Here is my first blog so bare with me. I am a hockey nut from the UK and fell in love with hockey many moons ago. The NHL fascinated me with all of their fancy logo`s on their jersey`s and the nicknames they used. I craved more and more and read books after books on the history of this wonderful game. Over the last few years I have been researching and reading about the early days of hockey, the grass roots of hockey, the good old days of Company and Industrial leagues. These leagues and their were hundreds of them sprung up everywhere and gave employees a chance to keep fit playing a sport they all loved, playing against other companies teams from the area. Here we have the Charlie Chaplins of the Whitby Town League. Lost in the sands of time perhaps the reason they were named after the great man other than the fact he was so popular at the time. Mr Chaplin himself was a very keen and able roller hockey player who played for Karno alongside Stan Laurel. I hope you enjoyed this first instalment and will read my future posts. Happy Hockey Jeff.
Here we have another example of a sponsorship between a retailer and a local hockey team. But some businesses were so big they were able to form their own leagues and have individual teams formed from different departments, I will write about examples of these in a future blog. The more I research the more I have become aware of the vast numbers of leagues and teams that sprang up all across Canada and the US. Unfortunately a large proportion will just be forgotten, that is why I am trying to collate as much information as I can about these teams before it`s too late. Like so many of these teams and leagues it seems not much was written about them and therefore near impossible to research further than a name, but hopefully with help from readers they may know, or know someone who knows some useful information. Maybe a family member played for a local team, or went to see them play many years ago. The Wood Vallance ltd Hockey Club were champions of the Wholesale Hardware Hockey League on consecutive seasons 1910/11 and 1911/12.[...]
Here we have the New Westminster Fraser Mills Hockey Club of 1914.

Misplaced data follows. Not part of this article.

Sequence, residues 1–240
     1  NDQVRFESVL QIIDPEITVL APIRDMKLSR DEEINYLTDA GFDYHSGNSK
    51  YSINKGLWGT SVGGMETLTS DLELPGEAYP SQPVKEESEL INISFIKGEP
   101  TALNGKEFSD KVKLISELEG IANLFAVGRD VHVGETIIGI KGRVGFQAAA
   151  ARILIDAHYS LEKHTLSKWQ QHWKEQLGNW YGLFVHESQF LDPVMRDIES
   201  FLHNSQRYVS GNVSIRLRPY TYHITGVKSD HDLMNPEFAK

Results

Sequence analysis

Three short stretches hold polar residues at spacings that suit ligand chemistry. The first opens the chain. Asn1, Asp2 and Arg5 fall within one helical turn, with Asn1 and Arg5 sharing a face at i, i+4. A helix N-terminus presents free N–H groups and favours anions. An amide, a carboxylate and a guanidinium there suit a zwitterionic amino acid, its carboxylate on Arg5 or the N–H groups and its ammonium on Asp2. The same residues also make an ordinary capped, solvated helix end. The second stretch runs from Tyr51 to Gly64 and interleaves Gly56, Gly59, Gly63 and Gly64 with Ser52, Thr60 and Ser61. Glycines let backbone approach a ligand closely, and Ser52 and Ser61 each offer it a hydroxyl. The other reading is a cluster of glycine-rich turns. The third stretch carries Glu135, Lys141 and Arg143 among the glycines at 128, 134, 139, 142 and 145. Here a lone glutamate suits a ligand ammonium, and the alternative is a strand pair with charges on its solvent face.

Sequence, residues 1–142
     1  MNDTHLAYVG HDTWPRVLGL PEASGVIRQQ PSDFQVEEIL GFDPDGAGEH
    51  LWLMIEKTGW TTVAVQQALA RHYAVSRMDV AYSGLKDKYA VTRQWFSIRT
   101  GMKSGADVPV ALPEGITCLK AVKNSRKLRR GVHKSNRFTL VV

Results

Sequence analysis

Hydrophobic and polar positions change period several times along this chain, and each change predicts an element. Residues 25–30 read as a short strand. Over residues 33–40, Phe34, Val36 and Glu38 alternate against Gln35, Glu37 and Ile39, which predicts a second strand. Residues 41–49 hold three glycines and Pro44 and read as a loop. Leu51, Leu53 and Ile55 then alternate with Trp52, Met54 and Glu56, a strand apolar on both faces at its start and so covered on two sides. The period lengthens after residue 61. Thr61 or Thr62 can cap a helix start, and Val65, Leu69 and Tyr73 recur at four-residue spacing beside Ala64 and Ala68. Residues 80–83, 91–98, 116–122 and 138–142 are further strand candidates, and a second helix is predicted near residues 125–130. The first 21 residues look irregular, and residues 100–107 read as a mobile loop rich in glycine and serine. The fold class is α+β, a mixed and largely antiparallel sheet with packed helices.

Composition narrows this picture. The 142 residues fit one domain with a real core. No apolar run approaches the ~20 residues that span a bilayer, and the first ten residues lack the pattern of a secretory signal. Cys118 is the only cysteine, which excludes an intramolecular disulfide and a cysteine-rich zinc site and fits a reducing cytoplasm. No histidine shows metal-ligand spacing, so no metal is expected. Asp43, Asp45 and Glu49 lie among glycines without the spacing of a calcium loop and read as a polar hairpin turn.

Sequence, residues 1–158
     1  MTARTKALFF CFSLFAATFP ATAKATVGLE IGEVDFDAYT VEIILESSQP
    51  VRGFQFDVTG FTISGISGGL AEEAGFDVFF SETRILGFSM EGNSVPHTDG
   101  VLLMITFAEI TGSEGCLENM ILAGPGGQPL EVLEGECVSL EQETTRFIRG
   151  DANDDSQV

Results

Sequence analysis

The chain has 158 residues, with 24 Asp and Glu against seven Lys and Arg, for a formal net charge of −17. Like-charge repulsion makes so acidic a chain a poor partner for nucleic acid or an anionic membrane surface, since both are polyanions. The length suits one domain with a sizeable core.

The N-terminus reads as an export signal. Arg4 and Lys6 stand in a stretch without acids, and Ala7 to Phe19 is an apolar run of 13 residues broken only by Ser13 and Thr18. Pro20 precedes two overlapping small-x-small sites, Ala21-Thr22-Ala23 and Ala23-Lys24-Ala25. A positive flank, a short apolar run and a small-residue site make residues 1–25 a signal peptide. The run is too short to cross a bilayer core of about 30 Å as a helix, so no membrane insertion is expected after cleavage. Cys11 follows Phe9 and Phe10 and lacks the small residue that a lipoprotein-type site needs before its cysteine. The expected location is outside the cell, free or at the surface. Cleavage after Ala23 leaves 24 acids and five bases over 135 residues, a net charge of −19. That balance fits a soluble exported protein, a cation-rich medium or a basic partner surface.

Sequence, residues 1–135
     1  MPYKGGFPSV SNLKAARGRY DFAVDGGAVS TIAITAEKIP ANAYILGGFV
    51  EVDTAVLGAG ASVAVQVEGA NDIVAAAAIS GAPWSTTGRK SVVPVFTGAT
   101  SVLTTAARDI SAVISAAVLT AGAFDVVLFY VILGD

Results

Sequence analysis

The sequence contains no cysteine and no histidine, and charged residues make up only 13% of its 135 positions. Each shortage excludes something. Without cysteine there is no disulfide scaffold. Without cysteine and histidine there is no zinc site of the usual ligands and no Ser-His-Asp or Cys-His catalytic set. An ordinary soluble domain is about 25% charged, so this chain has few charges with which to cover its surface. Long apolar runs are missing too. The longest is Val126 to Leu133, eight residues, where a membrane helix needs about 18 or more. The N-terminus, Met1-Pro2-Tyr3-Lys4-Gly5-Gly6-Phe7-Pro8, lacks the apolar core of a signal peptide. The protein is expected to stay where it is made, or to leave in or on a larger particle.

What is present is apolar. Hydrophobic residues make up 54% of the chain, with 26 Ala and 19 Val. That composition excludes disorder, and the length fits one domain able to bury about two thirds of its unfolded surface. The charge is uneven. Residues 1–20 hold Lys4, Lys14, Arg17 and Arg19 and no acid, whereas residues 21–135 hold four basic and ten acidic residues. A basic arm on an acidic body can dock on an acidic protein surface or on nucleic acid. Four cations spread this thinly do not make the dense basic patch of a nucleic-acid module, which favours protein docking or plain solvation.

They played in the NWSHL for two seasons from 1913-15 and were Savage cup Champions in 1914. I would love to hear from anyone with more information about this team and the New Westminster Senior Hockey League as any records have been pretty sparse. I have found records of only one player that of George `Trooper` Box a right winger. He had quite an impressive 9 goals from only 5 games not a bad turnaround. When I found this photograph my first thought was this was a sponsorship from a mill of sorts, but then found out that Fraser Mills is a Township sited on the northern shore of the Fraser river. It was the site of the first Sawmill opened in 1889 called the Ross McLaren Mill however it did close down soon after when co-founder James McLaren died. It remained closed for many years until it was taken over by the Fraser river Sawmill. As I have mentioned earlier, finding out about this league and the other teams involved has been pretty fruitless, hopefully with the help of yourselves, more information might be found.
Here we have another amateur hockey team who fielded some influential players in their time. As you may have known I am fascinated in the Logo`s teams used and how they got to pick them. In a lot of cases a hockey teams name had been copied from the towns Football or Baseball team. Many others had worn the first signs of business advertising and sponsorship. The Boston Shoe Trades Hockey Team have been difficult to research but certainly sound like they are part of the latter, but as always I would love to hear from anyone who has any useful information about this or any other amateur team in the US or Canada. They were known as the `Crescents` before changing to the `Shoe Trades`. They played in United States Amateur Hockey Association for three seasons 1919-22. 1920/21 [...]
Anyone who has been reading my blog`s will hopefully realise how much I am fascinated in the history of the early amateur leagues and teams. I am particularly interested in the logos they wore on their sweaters. This is the reason I ask people to share these blog`s, hoping they can reach people, especially in Canada/USA who may have information about this fascinating time of early hockey. Nearly every town and city in Canada and the US had at some point links with amateur hockey and the amount of teams must be phenomenal, but before these are forever forgotten about, I want to try and catalogue them. Hope you can help.